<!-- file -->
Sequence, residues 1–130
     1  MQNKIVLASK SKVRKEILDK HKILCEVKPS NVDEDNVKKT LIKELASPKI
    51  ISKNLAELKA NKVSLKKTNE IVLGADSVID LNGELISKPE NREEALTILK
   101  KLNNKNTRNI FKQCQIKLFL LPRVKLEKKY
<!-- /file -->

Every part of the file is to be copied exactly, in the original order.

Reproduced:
Sequence, residues 1–130
     1  MQNKIVLASK SKVRKEILDK HKILCEVKPS NVDEDNVKKT LIKELASPKI
    51  ISKNLAELKA NKVSLKKTNE IVLGADSVID LNGELISKPE NREEALTILK
   101  KLNNKNTRNI FKQCQIKLFL LPRVKLEKKY